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WASHINGTON DEPARTMENT OF FISH AND WILDLIFE     Print Version
NEWS RELEASE
600 Capitol Way North, Olympia, WA 98501-1091

ARCHIVED NEWS RELEASE
This document is provided for archival purposes only.
Archived documents do not reflect current WDFW regulations or policy and may contain factual inaccuracies.

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April 22, 2016
Contact: Jenna Friebel, (360) 466-4345 ex. 250
Belinda Rotton, (360) 333-2131

WDFW closes Fir Island birding area
while restoring Skagit Bay tidal marsh

OLYMPIA – Washington Department of Fish and Wildlife (WDFW) has closed public access to the Fir Island Farms Reserve, where work has begun to restore 131 acres of tidal marsh in the Skagit River Delta.

Trucks and heavy equipment are scheduled to begin work next week in the second year of a two-year project to replace the existing mile-long dike with one designed to improve habitat for fish and wildlife, said Belinda Rotton, Skagit Wildlife Area manager.

Rotton said the popular birding area, purchased by the department as a snow-goose reserve in 1995, will be closed for construction through Oct. 15 of this year.

"We apologize for the summer closures, but bird-watching and heavy equipment just don't mix," Rotton said. "We plan to re-open the reserve by the time the snow geese return in October."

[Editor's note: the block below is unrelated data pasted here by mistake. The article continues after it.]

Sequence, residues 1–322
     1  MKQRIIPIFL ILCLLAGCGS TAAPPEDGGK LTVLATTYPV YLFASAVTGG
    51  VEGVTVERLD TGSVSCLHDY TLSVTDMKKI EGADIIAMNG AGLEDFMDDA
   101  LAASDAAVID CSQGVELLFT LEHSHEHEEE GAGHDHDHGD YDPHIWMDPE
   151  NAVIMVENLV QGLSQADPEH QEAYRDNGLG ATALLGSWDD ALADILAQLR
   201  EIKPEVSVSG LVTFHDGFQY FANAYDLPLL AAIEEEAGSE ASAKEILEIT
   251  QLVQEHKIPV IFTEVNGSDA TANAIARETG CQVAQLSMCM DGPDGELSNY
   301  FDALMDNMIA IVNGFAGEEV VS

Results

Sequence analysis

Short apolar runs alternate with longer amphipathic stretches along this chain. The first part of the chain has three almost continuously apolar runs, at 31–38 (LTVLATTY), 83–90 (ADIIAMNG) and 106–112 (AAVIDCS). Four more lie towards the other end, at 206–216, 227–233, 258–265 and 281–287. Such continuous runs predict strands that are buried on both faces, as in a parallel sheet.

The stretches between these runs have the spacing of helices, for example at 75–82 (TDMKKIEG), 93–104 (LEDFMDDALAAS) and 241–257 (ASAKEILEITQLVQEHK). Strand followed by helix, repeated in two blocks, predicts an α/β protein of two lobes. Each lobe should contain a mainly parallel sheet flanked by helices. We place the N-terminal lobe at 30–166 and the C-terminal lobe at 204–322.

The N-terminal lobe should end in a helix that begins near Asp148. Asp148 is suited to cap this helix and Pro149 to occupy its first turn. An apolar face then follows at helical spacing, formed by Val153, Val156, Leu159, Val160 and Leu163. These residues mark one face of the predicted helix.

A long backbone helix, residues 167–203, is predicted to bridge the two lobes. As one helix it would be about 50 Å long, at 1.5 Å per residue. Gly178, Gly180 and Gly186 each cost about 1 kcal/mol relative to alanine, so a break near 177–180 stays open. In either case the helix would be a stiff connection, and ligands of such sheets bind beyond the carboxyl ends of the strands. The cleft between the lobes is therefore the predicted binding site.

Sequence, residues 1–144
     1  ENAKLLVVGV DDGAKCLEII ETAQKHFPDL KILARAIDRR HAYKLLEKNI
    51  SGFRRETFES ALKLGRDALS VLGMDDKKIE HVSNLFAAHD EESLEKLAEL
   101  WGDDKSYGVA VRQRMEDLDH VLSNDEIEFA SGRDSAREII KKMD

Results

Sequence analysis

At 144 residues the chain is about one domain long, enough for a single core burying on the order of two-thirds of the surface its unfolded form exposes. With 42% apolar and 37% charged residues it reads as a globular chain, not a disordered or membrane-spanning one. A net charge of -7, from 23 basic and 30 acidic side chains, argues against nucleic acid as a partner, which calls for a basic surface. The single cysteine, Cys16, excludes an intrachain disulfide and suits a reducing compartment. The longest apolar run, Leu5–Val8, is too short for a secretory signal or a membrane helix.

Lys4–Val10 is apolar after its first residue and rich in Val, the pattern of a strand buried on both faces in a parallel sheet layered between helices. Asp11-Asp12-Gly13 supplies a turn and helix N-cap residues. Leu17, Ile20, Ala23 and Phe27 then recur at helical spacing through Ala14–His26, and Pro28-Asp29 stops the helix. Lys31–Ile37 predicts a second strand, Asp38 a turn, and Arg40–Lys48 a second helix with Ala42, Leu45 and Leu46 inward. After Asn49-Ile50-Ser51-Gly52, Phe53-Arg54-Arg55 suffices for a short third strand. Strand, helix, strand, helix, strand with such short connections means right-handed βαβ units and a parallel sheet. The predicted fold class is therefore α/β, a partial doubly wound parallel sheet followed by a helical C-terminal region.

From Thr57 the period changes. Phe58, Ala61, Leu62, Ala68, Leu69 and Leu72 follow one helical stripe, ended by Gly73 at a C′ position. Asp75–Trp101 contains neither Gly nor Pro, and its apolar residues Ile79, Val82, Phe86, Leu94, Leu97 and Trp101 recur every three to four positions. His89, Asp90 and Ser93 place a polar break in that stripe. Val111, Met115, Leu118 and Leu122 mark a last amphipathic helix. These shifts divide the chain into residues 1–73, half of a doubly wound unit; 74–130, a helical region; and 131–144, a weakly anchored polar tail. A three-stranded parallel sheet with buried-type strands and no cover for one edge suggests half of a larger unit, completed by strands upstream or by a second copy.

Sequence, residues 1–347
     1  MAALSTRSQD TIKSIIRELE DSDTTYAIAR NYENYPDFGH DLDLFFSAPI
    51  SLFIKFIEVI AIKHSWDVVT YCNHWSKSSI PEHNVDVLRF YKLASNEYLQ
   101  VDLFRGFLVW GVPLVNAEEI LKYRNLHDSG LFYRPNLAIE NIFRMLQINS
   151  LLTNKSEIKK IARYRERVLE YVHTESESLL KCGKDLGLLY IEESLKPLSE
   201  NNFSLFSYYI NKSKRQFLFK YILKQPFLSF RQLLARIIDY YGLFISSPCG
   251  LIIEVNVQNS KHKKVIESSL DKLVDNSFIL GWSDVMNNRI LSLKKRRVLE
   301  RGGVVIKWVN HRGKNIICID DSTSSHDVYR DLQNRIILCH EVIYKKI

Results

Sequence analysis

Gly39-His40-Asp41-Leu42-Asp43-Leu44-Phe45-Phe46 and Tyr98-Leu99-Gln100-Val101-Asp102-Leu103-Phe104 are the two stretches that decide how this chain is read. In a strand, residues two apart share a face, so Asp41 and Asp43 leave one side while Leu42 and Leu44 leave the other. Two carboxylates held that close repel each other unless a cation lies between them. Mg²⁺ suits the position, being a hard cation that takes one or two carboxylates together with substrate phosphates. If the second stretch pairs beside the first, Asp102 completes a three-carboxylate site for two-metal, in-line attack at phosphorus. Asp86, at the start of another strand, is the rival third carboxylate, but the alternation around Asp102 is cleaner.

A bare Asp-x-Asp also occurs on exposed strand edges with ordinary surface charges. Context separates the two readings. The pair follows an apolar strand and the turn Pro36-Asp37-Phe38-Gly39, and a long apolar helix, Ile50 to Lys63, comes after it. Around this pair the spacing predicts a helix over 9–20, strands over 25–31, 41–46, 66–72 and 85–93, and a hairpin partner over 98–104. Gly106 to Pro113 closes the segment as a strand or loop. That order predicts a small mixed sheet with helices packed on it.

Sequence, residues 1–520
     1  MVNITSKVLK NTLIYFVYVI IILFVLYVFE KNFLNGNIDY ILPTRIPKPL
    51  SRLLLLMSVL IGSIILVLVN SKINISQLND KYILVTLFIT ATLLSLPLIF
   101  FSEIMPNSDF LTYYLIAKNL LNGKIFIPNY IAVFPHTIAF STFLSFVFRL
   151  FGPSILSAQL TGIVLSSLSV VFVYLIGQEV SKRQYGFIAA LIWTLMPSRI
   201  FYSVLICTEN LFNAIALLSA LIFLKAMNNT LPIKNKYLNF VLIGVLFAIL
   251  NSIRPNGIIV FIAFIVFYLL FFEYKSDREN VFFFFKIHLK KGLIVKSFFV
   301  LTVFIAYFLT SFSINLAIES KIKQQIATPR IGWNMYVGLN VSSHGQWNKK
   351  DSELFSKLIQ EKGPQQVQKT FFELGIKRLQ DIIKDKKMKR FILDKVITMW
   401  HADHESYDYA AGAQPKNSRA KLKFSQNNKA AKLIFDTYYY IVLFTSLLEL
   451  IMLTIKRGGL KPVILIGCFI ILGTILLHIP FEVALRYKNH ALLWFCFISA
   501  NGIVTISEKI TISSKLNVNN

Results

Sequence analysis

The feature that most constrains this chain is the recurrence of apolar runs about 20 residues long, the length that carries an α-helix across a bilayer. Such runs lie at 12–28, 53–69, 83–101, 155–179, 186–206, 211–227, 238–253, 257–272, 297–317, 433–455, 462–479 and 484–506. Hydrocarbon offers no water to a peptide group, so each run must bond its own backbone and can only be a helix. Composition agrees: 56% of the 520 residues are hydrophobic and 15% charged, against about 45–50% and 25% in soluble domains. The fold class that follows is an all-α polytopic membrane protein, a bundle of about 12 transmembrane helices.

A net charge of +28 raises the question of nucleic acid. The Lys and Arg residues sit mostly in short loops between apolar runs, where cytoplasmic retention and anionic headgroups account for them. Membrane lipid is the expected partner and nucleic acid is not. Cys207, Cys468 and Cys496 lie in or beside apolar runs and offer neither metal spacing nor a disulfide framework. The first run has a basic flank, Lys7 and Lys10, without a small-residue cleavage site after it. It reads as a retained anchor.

The snow-goose reserve, part of WDFW's 16,700 acre Skagit Wildlife Area, is located on the south end of Fir Island, about three miles from Conway.

Jenna Friebel, WDFW restoration project manager said the department's primary goals this summer are to complete the finishing touches on the new set-back dike and remove the old dike, restoring natural tidal action and marshlands that serve as rearing areas for juvenile salmon and other fish and wildlife species.

"Besides benefitting native salmon populations, the project includes design features to help protect nearby agricultural lands against flooding and preserve snow goose forage areas," she said.

The project also includes some improvements to the viewing area for the thousands of birders who visit the preserve to view snow geese, shorebirds and other waterfowl each year.  There will be improved path surfaces for ADA access, benches and interpretive signage, Friebel said.

Friebel said completion of the $17.7 million project follows six years of planning, coordination, and development that involved discussions with area landowners and drainage officials as well as state, federal, tribal and local agencies. Federal agencies provided 15 percent of the project costs.